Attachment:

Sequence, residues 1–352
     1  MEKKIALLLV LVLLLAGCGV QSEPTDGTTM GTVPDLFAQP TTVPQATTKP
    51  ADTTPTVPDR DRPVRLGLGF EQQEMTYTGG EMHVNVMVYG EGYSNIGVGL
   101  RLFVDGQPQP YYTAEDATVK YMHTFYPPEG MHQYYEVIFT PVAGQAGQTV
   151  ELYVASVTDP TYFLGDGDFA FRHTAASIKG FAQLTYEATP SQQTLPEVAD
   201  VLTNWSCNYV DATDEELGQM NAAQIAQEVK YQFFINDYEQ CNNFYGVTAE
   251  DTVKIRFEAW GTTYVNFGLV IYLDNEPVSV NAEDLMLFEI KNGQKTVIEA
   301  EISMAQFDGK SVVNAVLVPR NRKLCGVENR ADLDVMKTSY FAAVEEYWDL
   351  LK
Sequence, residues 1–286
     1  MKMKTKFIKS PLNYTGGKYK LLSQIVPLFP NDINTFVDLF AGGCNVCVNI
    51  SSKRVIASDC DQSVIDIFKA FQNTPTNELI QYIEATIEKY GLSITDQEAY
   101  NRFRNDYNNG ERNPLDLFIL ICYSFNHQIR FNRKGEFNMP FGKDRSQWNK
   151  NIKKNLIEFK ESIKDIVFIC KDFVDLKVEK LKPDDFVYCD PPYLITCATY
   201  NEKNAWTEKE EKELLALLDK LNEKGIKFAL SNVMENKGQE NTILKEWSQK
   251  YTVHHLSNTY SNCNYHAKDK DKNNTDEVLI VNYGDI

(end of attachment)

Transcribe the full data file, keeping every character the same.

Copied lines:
Sequence, residues 1–352
     1  MEKKIALLLV LVLLLAGCGV QSEPTDGTTM GTVPDLFAQP TTVPQATTKP
    51  ADTTPTVPDR DRPVRLGLGF EQQEMTYTGG EMHVNVMVYG EGYSNIGVGL
   101  RLFVDGQPQP YYTAEDATVK YMHTFYPPEG MHQYYEVIFT PVAGQAGQTV
   151  ELYVASVTDP TYFLGDGDFA FRHTAASIKG FAQLTYEATP SQQTLPEVAD
   201  VLTNWSCNYV DATDEELGQM NAAQIAQEVK YQFFINDYEQ CNNFYGVTAE
   251  DTVKIRFEAW GTTYVNFGLV IYLDNEPVSV NAEDLMLFEI KNGQKTVIEA
   301  EISMAQFDGK SVVNAVLVPR NRKLCGVENR ADLDVMKTSY FAAVEEYWDL
   351  LK
Sequence, residues 1–286
     1  MKMKTKFIKS PLNYTGGKYK LLSQIVPLFP NDINTFVDLF AGGCNVCVNI
    51  SSKRVIASDC DQSVIDIFKA FQNTPTNELI QYIEATIEKY GLSITDQEAY
   101  NRFRNDYNNG ERNPLDLFIL ICYSFNHQIR FNRKGEFNMP FGKDRSQWNK
   151  NIKKNLIEFK ESIKDIVFIC KDFVDLKVEK LKPDDFVYCD PPYLITCATY
   201  NEKNAWTEKE EKELLALLDK LNEKGIKFAL SNVMENKGQE NTILKEWSQK
   251  YTVHHLSNTY SNCNYHAKDK DKNNTDEVLI VNYGDI